Fire doors are tested by the Underwriters Laboratory (UL) and Warnock Hersey (Intertek Testing Services) to ensure they withstand the necessary temperatures. In order to properly rate the door, it must be tested as a full unit with hardware. This unit is installed on a wall with a test environment behind it where the fire will burn. After the allotted time, the door unit is subjected to a fire hose test to ensure the door will hold together and the hardware will keep the door closed. The main purpose of the test is to ensure the door is able to contain the spread of the fire.
Neutral Pressure Testing
During a Neutral Pressure test, the door is installed on a rabbeted fire-rated jamb which is kerfed to hold a piece of weatherstrip. Neutral pressure assumes the pressure plane to be above the top of the door. It also assumes that pressure will not build up in the room/area containing the fire. Therefore, air from outside flows into the test room at the bottom and top of the door preventing the flames from spreading into the outside area. The use of a weather-strip/smoke seal helps to eliminate the smoke leaving the room.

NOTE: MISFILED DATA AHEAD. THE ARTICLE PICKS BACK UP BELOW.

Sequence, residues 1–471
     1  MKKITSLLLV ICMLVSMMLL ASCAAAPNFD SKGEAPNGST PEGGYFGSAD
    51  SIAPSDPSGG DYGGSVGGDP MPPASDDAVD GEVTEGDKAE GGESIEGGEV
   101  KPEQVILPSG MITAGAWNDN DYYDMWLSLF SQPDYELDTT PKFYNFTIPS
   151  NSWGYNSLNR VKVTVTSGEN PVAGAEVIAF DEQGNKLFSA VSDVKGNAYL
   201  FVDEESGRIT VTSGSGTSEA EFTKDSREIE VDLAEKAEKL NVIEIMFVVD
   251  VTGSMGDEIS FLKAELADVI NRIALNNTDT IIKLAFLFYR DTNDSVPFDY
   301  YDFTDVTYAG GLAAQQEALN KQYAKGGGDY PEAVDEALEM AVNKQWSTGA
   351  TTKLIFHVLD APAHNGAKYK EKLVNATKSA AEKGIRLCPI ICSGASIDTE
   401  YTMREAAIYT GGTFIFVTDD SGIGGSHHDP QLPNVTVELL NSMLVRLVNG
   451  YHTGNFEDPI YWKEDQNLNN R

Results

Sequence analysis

Positive Pressure Testing
During a positive pressure test, the neutral pressure plane drops down to 40” from the bottom of the door with the neutral pressure area below 40 inches and the positive pressure area above 40 inches. Air from the outside still flows into the test room at the bottom of the door. However with the pressure plane moved, air will flow out of the test room at the top. Along with the circulating air, dangerous gases and/or flames may also escape around the perimeter of the door causing the face of the door to burn in the case of wood or composite doors.
Positive pressure requires containing the hot gases and flame into the interior of the room. This is done by combining a seal such as weather-strip with an additional intumescent strip. The intumescent strip expands filling the gap at the top and sides of the door. This prevents hot gases and flames from spreading around the door. The intumescent material must be installed directly behind the weatherstrip on the head jamb as well as the side jambs. The weather-strip we install is also rated as a smoke seal.